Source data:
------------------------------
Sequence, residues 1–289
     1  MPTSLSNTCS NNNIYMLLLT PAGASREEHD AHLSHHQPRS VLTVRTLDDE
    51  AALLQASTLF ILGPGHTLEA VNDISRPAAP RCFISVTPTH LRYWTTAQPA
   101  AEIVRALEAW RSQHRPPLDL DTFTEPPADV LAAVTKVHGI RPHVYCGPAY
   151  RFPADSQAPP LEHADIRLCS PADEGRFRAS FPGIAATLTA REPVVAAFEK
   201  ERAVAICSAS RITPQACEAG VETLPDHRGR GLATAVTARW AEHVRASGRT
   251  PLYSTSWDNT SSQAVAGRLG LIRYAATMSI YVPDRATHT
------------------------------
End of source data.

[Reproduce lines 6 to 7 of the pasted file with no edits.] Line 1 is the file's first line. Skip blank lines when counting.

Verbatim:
   201  ERAVAICSAS RITPQACEAG VETLPDHRGR GLATAVTARW AEHVRASGRT
   251  PLYSTSWDNT SSQAVAGRLG LIRYAATMSI YVPDRATHT